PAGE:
The False Appeal of the “Strong Mayor”
And the Limited Understanding of the Strengths of the Council-Manager Form of Government. James H. Svara.
[Editorial note: In the City of Miami, the Council is the City Commission.]
In my academic career in political science and public administration, I have examined efforts to change the form of government in American cities and the arguments that have been made in referenda to support and oppose the two major alternatives. These are the Strong Mayor-Council and the Council-Manager Forms of Government.
The council-manager mayor is not “weak,” i.e., having certain powers but not others as in weak mayor-council cities. Nor is the mayor an insignificant figurehead. The mayor can and should be a visionary, and the mayor is also a facilitator who helps all officials work together effectively. The mayor strives to create a shared vision for the city with the support of the entire council. Council decisions are supported by the comprehensive and objective information and advice from the city manager — the appointed executive — that is provided to all of the council members and to the public.
The so-called “strong” mayor may push his/her own agenda and use the powers of the office to compel support from the council. This behavior contributes to the term “boss mayor” sometimes used to describe the strong mayor. The public may hear a lot about the supposed accomplishments of these mayors, but this results in part from having a public relations team to promote the mayor’s reputation. The strong mayor is expected to manage the operations of the city, but the public and political demands on the mayor’s time make this difficult. Rather they focus on a few areas that are priorities to them. Some strong mayors have a chief administrative officer (CAO), but this official commonly operates within the sphere of the mayor and backs the mayor’s preferred approaches. CAOs usually only share with the council and the public the information that is approved by the mayor.
The council in the council-manager form is a true governing body, not just a legislative body that checks the mayor. The council sets the policy of course, but it also sets goals and priorities, reviews and revises policy proposals, and oversees the performance of the manager and staff. The council conducts real oversight through review of extensive information provided by the manager. The council chooses the city manager who is the best-qualified applicant from across the country to achieve the vision the council has established for the city and monitors the manager’s performance.
The city manager does not just handle the day-to-day operations of city government, but also manages the long-term goals of the city and provides the council with a professional perspective on the opportunities and challenges that the city faces. The manager is independent but continuously accountable. A CAO is neither, and it is usually not possible to remove an executive mayor who is not performing adequately until the next election. If a recall of the mayor is possible, this requires a large-scale collection of citizens’ signatures of a recall petition and is very disruptive to the city.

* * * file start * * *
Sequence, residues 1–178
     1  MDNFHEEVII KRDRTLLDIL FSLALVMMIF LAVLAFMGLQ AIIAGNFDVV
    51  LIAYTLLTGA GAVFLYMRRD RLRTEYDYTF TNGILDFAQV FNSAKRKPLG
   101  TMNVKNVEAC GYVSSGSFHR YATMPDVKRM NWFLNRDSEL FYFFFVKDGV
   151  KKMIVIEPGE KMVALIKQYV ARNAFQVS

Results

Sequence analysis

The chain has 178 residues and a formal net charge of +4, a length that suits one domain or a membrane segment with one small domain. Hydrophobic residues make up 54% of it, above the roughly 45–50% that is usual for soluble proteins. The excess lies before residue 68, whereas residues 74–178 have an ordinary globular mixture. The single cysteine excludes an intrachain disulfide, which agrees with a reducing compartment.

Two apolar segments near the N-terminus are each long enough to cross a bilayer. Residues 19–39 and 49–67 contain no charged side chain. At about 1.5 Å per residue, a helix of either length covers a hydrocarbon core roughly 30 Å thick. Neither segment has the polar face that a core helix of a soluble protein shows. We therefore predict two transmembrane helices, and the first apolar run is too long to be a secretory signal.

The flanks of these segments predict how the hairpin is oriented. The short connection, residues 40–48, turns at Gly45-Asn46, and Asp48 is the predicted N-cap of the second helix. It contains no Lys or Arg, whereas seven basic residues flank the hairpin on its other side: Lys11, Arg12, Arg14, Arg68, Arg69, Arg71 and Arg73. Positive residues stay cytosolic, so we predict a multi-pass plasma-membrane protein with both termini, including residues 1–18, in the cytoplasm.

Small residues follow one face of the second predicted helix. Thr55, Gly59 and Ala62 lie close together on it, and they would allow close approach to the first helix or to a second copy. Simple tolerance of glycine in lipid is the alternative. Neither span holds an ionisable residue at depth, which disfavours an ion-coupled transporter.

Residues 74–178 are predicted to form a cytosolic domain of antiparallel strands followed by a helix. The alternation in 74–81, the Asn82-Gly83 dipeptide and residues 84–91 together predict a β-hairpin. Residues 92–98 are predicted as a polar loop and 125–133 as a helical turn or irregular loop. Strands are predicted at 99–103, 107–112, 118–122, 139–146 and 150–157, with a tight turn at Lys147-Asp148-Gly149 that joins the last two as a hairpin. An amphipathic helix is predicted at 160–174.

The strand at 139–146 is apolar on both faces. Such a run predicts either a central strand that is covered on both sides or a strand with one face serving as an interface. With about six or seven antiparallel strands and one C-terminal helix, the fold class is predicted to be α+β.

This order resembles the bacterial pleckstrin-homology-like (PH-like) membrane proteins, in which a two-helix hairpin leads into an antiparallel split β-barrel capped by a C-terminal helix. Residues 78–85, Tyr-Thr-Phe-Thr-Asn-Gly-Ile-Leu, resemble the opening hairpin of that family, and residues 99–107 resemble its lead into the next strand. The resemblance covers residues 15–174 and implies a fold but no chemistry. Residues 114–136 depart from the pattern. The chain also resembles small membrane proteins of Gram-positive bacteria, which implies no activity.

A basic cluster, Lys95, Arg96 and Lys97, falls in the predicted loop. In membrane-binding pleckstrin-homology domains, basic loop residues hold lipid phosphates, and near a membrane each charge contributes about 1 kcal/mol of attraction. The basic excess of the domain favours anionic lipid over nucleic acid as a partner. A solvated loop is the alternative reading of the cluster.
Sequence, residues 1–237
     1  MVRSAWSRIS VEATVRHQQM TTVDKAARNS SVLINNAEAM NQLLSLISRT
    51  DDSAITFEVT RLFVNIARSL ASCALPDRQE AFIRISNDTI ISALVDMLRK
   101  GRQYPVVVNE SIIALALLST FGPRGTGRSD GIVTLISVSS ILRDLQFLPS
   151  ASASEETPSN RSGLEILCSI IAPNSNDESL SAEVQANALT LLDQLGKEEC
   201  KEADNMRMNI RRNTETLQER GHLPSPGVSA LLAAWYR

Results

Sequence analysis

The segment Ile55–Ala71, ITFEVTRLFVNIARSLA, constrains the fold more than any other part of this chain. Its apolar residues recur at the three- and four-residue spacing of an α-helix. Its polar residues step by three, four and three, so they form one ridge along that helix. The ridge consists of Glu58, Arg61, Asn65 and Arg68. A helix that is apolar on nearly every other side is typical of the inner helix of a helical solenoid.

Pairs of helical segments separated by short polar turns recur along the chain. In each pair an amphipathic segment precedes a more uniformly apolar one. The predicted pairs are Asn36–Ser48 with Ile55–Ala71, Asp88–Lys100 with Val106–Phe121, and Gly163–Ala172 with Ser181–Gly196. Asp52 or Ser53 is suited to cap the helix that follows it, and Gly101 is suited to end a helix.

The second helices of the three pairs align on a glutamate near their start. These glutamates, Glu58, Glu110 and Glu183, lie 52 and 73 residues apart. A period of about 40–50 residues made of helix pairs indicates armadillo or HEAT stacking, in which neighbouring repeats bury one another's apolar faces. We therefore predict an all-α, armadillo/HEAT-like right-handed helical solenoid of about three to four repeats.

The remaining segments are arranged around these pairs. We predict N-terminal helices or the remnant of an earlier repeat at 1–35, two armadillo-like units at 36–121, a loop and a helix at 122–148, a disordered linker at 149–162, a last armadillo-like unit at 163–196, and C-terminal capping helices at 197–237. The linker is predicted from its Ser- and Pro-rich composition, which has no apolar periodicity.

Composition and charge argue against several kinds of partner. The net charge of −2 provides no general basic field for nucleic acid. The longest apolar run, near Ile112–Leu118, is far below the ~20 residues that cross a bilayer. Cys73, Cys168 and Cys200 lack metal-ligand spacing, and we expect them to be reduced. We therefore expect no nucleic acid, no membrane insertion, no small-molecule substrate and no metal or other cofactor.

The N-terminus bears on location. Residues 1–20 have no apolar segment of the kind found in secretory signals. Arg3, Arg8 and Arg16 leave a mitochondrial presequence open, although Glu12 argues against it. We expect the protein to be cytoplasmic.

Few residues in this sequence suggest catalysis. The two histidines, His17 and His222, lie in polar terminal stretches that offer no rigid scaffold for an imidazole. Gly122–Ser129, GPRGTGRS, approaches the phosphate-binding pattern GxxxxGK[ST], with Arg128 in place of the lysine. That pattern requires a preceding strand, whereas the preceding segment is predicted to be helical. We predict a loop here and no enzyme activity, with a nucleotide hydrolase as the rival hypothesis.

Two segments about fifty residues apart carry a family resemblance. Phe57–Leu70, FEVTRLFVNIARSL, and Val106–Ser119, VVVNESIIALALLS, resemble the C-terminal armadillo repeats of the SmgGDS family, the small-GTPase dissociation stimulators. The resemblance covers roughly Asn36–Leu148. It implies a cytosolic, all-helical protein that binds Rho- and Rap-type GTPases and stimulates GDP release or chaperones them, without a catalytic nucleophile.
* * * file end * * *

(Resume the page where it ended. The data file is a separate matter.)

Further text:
The council’s role in the mayor-council form can be restricted to reacting to the mayor’s proposals based on information provided by the mayor. The oversight role can be constrained by limits on the performance data that the mayor will permit departments to provide. A council member could be the beneficiary of a reward from the mayor for supporting his/her proposals, but council members could be punished for taking an independent stand. As is true of separation-of-powers structures at the state and national level, conflict between the mayor and council is likely and can produce divisions within the council based on differing levels of allegiance to the mayor. Disagreement between a majority of the council and the mayor can produce an impasse.
It is possible that the strong mayor-council form could be fortunate to have a mayor with the appropriate vision and capabilities that the city needs. It is also possible that the perspective and skills of the mayor will be inadequate, and the performance of the city will decline with no short-term possibility of correcting the shortcomings. The council-manager form with an elected mayor provides for vision, shared governance, informed advise and complete performance information, a professional executive with the requisite experience and expertise, and continuous transparency. Local governments do not have to revert to the separation-of-powers structure used at higher levels of government. The council-manager form is designed for local governments.
If the key objective is to have a form that generates a shared vision for the city and positive accomplishments, cities with the council-manager form already have the right form of government. Is it advisable to make a change that could trade shared vision and cooperative relationships for ambition and division?
Dr. James H. Svara is a retired professor who taught at U.N.C.-Greensboro, N.C. State University, and Arizona State University. He received a Ph.D. in political science from Yale University. Key publications relevant to form of government and roles of mayors, councils, and city managers are Editor and contributor, More than Mayor or Manager: Campaigns to Change Form of Government in America’s Large Cities(Washington: Georgetown University Press, 2010) (with Douglas Watson). Editor and contributor, The Facilitative Leader in City Hall: Reexamining the Scope and Contributions (Boca Raton, FL: CRC Press, 2008.)